Last updated: October 25, 2004
Announcing a special OUT-FM broadcast
Featuring an interview by OUT-FM producer Nancy Kirton
Nancy Kirten (left) Alexis De Veaux (right)
Alexis De Veaux, from the Introduction to Warrior Poet: A Biography of Audre Lorde. A self-described "black, lesbian, feminist, mother, poet warrior," [Lorde] entered many "homes," or social movements, throughout her life, and yet, until she relocated to the Caribbean, she remained
On Monday, November 1, 2004, from 2 to 4 PM, OUT-FM, a weekly radio program on WBAI 99.5FM Peace & Justice Radio airs a special program, Warrior Poet: A Biography of Audre Lorde, during WBAI's Fall 2004 Membership Pledge Drive. The title of the program is taken from a recently published biography of Audre Lorde of the same name by noted author, historian, activist, scholar, Alexis De Veaux. To listen live Online go to www.wbai.org and click the "Listen Online" link at the top of the webpage.
During her lifetime Audre Lorde (1934-1992) crafted a mythic identity for herself that retains its vitality to this day. Alexis De Veaux demystifies Lorde's iconic status, charting her childhood in Harlem in the conservative household of Caribbean immigrant parents, her early marriage to a white, gay man with whom she had two children; her emergence as an outspoken black, feminist, lesbian poet; and her canonization as a seminal poet of American literature.
This OUT-FM broadcast explores the notion De Veaux puts forth in her biography that there were two lives led by Audre Lorde. Lorde's first life encompassed her upbringing in a conservative childhood, adolescence, young adulthood, and her transformation into a gifted poet, mother and teacher - identities which De Veaux explains evolved "defined by [Lorde's] identity as a lesbian and by the development of a black lesbian eroticism within and without her work."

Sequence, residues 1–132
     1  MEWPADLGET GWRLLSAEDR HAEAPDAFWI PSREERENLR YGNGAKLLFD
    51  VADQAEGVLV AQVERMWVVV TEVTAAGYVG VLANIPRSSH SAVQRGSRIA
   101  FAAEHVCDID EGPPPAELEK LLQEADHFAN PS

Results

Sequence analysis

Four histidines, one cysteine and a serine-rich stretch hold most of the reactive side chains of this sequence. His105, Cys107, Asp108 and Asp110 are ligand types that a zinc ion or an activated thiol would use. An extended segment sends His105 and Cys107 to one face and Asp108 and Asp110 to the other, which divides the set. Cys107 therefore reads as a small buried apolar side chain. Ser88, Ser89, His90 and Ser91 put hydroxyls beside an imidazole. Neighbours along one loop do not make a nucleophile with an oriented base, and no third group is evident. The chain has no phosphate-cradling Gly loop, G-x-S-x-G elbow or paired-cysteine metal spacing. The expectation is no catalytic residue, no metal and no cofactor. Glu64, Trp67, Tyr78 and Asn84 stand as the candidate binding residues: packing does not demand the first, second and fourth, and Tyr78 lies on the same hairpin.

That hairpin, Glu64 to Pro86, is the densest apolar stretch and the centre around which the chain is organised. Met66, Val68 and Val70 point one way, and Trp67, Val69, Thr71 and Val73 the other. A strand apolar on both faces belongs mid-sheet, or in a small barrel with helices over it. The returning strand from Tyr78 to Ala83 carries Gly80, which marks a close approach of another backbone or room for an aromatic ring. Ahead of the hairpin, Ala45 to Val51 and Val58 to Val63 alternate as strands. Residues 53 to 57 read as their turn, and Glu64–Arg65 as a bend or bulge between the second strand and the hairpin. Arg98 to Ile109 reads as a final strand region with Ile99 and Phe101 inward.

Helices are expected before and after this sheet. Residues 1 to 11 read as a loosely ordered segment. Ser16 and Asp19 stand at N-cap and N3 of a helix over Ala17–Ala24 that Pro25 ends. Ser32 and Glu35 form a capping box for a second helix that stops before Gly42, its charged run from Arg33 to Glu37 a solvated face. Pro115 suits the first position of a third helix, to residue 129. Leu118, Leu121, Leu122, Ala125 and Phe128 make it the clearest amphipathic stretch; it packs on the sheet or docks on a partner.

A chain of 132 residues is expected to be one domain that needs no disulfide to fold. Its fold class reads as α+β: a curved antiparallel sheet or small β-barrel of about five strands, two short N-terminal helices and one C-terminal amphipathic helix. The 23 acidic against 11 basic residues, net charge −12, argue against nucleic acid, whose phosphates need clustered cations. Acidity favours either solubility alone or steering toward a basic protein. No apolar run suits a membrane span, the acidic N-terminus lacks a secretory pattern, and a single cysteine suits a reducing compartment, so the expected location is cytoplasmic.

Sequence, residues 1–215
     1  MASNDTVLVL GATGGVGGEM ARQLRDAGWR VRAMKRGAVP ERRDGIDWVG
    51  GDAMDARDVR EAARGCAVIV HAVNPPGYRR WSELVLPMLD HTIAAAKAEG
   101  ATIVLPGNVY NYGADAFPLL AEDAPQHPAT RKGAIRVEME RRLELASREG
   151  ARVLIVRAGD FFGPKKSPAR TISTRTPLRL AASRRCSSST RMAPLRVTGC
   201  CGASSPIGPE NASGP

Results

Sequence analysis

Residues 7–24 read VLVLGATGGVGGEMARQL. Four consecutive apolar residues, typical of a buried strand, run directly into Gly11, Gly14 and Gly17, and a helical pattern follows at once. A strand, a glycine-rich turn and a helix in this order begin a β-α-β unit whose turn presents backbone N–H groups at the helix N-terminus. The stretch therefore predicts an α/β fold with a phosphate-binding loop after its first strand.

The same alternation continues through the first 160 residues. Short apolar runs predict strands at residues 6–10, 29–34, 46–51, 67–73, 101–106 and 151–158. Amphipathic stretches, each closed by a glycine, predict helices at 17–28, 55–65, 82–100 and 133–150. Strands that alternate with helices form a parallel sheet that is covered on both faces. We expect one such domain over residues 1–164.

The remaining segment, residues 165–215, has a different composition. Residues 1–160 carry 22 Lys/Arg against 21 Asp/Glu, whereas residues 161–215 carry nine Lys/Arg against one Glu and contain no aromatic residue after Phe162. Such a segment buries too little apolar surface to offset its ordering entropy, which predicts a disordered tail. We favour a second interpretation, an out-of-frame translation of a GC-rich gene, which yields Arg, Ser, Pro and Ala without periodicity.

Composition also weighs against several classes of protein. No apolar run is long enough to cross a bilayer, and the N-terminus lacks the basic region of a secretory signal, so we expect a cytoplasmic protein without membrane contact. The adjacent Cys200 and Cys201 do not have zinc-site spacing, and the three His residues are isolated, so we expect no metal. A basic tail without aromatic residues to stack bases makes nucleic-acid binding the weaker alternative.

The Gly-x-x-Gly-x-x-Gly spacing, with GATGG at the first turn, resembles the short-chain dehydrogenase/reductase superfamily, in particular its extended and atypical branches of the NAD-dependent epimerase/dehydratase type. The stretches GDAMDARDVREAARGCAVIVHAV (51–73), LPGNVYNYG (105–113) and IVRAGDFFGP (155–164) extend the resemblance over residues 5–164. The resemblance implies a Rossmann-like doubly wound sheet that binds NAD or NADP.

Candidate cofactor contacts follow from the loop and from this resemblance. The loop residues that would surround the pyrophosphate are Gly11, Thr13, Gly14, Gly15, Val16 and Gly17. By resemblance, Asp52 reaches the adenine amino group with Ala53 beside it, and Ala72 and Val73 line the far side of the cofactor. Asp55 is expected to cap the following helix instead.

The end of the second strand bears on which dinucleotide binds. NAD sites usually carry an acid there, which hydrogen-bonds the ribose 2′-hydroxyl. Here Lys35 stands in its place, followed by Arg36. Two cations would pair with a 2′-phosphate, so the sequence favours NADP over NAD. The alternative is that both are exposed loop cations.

In her skillful interview with De Veaux, OUT-FM's Nancy Kirton encourages the biographer to elucidate how this eroticism became a source of power both in Lorde's writings and her "first life." As De Veaux writes, "her eroticism became essential to Audre Lorde's self actualization most specifically, when, in November 1977, she confronted the possibility of cancer in her life." Lorde's life with cancer is "the second life" explored.
This broadcast reveals aspects of Lorde's life as chronicled by De Veaux heretofore not known as the author reveals the relationship Lorde had with her parents; with her husband Edward Rollins, with her children Elizabeth Lorde Rollins and Jonathan Rollins; with her lesbian partners; with her writer contemporaries and publishers; with herself; and, finally, with cancer.
The interview ends with a poignant exchange between interviewer Kirton and author De Veaux about the sometimes public but finally very private yet brave process Lorde engaged to distance herself from her public persona in order to be able to care of herself when challenged by death.
The broadcast also features out lesbian and gay-male African American writers and activists performing Lorde's poetry and writing. Acclaimed fiction writer, Jewelle Gomez, noted poet, Cheryl Clarke, and activist James Credle, a founding member of People of All Colors Together, honor Lorde's memory with readings and personal reflections of how she impacted their writings and activism.
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And, please take note that...
Progressive lesbian, gay, bisexual, transgendered, two-spirit, queer
Normally OUT-FM Airs Mondays, 11AM - Noon
Serving the NY-NJ-CT Tri-state Area
ºWBAI 99.5FM is Peace & Justice Radio Broadcasting from New York City
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